- Historic Sites
The Enigma Of General Howe
He had a reputation as a bold, resourceful commander. Yet in battle after battle he had George Washington beaten—and failed to pursue the advantage. Was “Sir Billy” all glitter and no gold? Or was he actually in sympathy with the rebellion?
February 1964 | Volume 15, Issue 2
Had Sir William Howe fortified the Hills round Boston, he could not have been disgracefully driven from it: had he pursued his Victory at Long Island, he had ended the Rebellion: Had he landed above the lines at New York, not a Man could have escaped him: Had he fought the Americans at the Brunx, he was sure of Victory: had he cooperated with the N. Army, he had saved it, or had he gone to Philadelphia by land, he had ruined Mr. Washington and his Forces: But as he did none of these things, had he gone to ye D———l before he was sent to America, it had been a saving of infamy to himself and of indelible dishonour to this country.”
These searing words, from a secret memorandum found in the British Headquarters papers, were written by Sir Henry Clinton, the man who succeeded Sir William Howe as Commander in Chief of the British army in North America. They sum up one view of this strange general into whose hands George III first confided the power to extinguish the rebellion of his North American colonies. But it is by no means the only view. When Howe was relieved as Commander in Chief in 1778, we have John André’s testimony that “the most gallant of our officers, and those whom I least suspected of giving such instances of their affection, shed tears while they bade him farewell.”
To Loyalist Joseph Galloway, on the other hand, Howe was nothing but a colossal blunderer. “Blunder upon blunder is incessantly rising in its view,” he wrote in a pamphlet after Howe resigned, “and as they rise they increase in magnitude … so that their possibility almost exceeds the utmost extent of our belief.” Even more sinister was the opinion of another Loyalist, who wrote a letter from New York describing both the General and his brother, Vice Admiral Richard Howe, who at the same time commanded the British fleet in American waters. “The Howes are both antiministerial men,” the Loyalist wrote, “and their minds are poisoned by faction: they have endeavoured by every means to spare the Rebellion in order to give it and the Rebels an air of consequence at home.”
The British Parliament was as baffled by William Howe as everyone else. After he resigned, a committee investigated his conduct of the war. Howe submitted his vast correspondence with Lord George Germain, Secretary of State for American Colonies, plus a fortypage narrative; numerous other witnesses, including such distinguished generals as Charles Cornwallis, testified, mostly in Howe’s favor. But the committee never made a report.
American opinion of Howe is equally confused and confusing. Alexander Hamilton called him that “unintelligible gentleman.” Israel Putnam said flatly that Sir William was either “a friend of America or no general.” And John Adams wrote to his wife that it was “impossible to discover the designs of an enemy who has no design at all.” But Major General Charles Lee, who knew Howe well, hailed him as an “executive soldier in which capacity he is all fire and activity, brave and cool as Julius Caesar.”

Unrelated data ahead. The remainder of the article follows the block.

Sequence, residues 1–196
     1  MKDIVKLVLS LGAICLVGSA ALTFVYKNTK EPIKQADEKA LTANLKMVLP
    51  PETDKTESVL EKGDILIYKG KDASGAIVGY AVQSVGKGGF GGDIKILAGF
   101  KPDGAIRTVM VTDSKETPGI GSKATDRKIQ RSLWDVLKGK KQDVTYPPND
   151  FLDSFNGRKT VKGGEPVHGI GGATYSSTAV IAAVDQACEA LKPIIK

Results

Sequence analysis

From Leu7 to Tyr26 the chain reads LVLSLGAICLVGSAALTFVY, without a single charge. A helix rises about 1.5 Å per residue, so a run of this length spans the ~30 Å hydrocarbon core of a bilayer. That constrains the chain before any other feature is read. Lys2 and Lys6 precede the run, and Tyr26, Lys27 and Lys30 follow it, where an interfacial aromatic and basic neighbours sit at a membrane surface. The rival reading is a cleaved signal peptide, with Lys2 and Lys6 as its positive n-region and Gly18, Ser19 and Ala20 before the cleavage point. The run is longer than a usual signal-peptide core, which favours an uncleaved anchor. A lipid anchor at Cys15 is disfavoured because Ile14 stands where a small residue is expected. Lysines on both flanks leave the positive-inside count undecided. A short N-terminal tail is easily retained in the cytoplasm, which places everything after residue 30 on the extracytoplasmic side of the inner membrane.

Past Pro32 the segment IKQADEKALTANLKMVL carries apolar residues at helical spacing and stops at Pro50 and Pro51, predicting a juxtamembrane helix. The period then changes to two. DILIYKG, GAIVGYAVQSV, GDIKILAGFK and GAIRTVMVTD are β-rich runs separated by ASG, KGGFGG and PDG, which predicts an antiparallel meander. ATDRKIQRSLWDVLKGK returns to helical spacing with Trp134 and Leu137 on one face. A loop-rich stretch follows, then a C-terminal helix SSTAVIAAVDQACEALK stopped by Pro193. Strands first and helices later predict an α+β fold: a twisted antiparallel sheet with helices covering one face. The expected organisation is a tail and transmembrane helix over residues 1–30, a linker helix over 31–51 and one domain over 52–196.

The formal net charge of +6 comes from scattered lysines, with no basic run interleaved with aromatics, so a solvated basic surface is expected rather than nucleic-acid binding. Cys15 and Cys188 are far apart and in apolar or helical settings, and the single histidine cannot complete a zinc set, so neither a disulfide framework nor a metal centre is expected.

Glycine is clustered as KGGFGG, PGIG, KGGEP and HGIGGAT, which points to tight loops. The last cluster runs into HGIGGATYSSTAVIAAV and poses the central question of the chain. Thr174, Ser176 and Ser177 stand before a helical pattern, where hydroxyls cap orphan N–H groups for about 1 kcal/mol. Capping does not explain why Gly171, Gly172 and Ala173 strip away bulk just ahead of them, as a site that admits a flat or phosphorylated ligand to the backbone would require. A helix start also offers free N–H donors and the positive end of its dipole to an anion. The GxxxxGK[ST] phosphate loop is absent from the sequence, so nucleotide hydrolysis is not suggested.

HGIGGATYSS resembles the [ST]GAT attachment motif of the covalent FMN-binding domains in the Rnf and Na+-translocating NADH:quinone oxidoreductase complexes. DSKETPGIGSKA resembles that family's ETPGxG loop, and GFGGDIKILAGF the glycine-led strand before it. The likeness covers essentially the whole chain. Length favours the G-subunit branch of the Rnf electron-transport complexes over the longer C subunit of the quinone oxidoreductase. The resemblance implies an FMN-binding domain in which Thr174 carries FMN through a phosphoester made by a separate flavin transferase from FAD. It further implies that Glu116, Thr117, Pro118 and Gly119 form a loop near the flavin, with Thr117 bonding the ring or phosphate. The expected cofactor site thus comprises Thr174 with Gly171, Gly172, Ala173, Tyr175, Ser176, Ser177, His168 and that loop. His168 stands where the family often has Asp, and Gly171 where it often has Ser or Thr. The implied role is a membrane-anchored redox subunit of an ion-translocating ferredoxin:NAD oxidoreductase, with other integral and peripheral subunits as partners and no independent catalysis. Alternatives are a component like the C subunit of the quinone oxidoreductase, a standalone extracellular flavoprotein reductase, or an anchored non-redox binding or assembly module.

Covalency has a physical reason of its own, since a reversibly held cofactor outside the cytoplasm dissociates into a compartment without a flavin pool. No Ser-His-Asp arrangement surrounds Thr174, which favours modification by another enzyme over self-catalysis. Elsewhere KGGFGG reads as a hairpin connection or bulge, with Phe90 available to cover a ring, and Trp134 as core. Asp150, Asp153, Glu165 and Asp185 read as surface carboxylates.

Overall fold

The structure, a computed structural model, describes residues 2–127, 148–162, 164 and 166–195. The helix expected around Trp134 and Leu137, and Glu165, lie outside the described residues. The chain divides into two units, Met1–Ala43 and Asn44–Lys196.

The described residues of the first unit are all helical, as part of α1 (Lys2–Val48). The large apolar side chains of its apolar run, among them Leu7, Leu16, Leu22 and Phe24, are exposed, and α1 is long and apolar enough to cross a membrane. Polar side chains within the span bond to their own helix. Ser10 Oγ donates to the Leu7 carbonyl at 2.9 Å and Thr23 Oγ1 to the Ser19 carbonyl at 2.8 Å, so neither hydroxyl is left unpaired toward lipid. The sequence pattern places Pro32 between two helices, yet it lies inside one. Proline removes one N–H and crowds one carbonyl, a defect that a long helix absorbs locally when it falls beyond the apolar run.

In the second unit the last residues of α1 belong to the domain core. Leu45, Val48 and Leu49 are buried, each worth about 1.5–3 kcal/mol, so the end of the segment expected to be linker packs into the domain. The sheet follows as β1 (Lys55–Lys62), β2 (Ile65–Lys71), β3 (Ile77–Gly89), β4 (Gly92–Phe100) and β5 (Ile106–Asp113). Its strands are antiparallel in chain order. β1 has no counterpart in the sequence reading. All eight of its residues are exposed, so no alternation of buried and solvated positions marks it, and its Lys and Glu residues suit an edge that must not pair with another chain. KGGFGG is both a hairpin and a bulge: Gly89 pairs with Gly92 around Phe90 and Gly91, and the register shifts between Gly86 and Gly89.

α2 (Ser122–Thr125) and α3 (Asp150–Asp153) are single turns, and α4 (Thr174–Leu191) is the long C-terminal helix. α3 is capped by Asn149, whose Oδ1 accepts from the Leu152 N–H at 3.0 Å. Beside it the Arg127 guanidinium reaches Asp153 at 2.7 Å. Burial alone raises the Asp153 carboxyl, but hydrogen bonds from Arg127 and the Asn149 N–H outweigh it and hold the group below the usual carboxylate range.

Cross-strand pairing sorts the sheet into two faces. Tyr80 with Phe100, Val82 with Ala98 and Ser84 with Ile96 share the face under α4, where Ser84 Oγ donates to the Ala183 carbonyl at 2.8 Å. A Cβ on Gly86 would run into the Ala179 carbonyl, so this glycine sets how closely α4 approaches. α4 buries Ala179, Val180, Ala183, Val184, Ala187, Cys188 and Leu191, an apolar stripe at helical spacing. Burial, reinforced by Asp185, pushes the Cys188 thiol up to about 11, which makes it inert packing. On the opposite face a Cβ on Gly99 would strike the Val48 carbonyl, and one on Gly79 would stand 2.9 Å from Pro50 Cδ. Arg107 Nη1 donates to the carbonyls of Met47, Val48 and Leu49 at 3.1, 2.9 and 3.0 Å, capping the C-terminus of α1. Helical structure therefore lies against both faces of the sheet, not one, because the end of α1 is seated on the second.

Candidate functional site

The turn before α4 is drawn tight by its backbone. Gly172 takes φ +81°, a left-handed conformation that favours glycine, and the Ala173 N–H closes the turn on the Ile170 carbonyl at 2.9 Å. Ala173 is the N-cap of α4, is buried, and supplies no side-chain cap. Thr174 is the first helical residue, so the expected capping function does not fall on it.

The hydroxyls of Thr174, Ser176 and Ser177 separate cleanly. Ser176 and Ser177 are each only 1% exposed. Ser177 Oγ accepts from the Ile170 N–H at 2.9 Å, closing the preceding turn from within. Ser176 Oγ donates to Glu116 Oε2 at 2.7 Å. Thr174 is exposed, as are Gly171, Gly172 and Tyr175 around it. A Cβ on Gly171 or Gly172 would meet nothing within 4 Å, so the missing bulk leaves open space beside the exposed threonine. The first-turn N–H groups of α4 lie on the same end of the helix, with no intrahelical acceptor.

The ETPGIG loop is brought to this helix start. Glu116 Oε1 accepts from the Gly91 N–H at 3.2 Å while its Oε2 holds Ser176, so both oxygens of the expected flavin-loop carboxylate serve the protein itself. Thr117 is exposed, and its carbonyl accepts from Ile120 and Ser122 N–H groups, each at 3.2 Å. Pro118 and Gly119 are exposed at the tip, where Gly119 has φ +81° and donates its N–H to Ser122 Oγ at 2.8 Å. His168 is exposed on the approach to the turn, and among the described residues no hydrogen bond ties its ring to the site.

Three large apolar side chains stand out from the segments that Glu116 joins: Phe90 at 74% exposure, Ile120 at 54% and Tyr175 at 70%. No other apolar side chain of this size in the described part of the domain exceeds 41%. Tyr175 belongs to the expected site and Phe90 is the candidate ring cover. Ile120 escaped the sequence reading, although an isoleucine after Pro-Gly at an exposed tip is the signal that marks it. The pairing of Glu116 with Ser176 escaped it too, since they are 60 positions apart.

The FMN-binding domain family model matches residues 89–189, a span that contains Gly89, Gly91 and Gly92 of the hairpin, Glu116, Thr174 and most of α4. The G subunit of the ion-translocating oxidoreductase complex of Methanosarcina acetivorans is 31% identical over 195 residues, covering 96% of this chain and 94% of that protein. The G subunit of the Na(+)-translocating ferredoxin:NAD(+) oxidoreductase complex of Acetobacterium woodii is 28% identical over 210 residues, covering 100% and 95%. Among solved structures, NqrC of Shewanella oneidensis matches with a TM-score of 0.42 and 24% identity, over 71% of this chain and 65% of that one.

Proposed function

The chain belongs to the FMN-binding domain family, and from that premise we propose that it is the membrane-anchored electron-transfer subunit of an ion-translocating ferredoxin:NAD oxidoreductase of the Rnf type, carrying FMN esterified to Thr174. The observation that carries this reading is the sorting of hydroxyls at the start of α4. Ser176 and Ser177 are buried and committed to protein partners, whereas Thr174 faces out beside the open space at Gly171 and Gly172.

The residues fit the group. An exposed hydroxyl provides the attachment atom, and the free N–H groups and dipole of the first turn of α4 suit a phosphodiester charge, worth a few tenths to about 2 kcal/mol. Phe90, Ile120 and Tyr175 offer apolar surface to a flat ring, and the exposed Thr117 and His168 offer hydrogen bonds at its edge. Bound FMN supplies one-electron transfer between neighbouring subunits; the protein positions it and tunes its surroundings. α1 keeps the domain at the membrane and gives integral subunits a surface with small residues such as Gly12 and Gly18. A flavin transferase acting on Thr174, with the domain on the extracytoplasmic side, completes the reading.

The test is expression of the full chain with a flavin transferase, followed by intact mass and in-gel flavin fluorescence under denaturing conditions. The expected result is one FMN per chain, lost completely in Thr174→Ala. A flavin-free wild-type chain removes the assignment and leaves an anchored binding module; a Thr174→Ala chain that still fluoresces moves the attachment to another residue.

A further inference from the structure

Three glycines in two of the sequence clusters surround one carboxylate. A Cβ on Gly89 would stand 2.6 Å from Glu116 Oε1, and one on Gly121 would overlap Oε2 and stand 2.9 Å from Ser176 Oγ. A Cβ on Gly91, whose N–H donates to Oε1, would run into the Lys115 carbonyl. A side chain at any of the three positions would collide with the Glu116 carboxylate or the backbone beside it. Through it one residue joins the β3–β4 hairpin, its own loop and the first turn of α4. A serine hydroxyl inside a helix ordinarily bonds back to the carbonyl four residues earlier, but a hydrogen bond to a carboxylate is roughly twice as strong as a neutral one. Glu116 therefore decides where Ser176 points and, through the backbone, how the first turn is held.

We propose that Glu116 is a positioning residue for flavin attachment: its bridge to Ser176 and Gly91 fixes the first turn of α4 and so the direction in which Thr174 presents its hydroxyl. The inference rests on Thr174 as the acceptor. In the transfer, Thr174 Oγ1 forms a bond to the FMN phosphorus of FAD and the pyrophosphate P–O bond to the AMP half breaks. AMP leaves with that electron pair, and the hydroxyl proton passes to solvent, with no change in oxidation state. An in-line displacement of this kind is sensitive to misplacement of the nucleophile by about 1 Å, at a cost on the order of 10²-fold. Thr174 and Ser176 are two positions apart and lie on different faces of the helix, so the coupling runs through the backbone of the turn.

This much we certainly know: During his two and one half years as British Commander in Chief, William Howe never lost a battle when he was in personal charge of his army. Every time he met Washington in the field, he thrashed him unmercifully. Yet Howe failed to end the rebellion. Again and again, Washington escaped to fight another day. The climax to this strange reversal of the rules of war was Saratoga. While Howe was whipping Washington at Brandywine and Germantown and capturing Philadelphia, the capital of the new United States of America, he was simultaneously turning his back on John Burgoyne and his northern army, to the ultimate disaster of the British cause. Burgoyne’s surrender at Saratoga brought France into the war and turned a family quarrel into a world conflict for which England was totally unprepared. Even as he marched his triumphant regiments into the rebel capital, Howe could justly be accused of losing the war.
What went on in Howe’s head is a question which historians have been debating ever since. Unfortunately there is very little genuine evidence. The Howe family papers were destroyed by a fire in 1845, and Sir William was not given to writing personal memoranda, in the style of Sir Henry Clinton. He was also a notably taciturn man, so there is even a scarcity of personal statements passed on by third parties. But the evidence we do have tells us a good deal, and most of it puts the Revolution in a light seldom seen in American textbooks.
When William Howe arrived in America in the spring of 1775, he was forty-five years old, a solidly built, six-foot soldier with snapping black eyes and a glittering reputation. In the French and Indian War he had been the daring young colonel who led the “forlorn hope” up the supposedly impregnable Heights of Abraham, to bring on the battle which won Quebec and Canada. Howe had fought with distinction in other actions, too, notably the siege of Havana and the foray against Belle Ishe oft the coast of France. Throughout his army career he had been known as a daredevil, a reputation he enhanced, in the intervals between wars, by a passionate fondness for the gambling table.
The Howe family had a tradition of friendship with America. The oldest brother, Lord George Augustus Howe, had died in the battle for Fort Ticonderoga in 1758 (expiring in Israel Putnam’s arms), and the Commonwealth of Massachusetts had erected a monument in his honor in Westminster Abbey. It was to Howe’s next oldest brother, Admiral Lord Richard Howe, that Benjamin Franklin turned in a last desperate effort to heal the growing breach between the colonies and the mother country.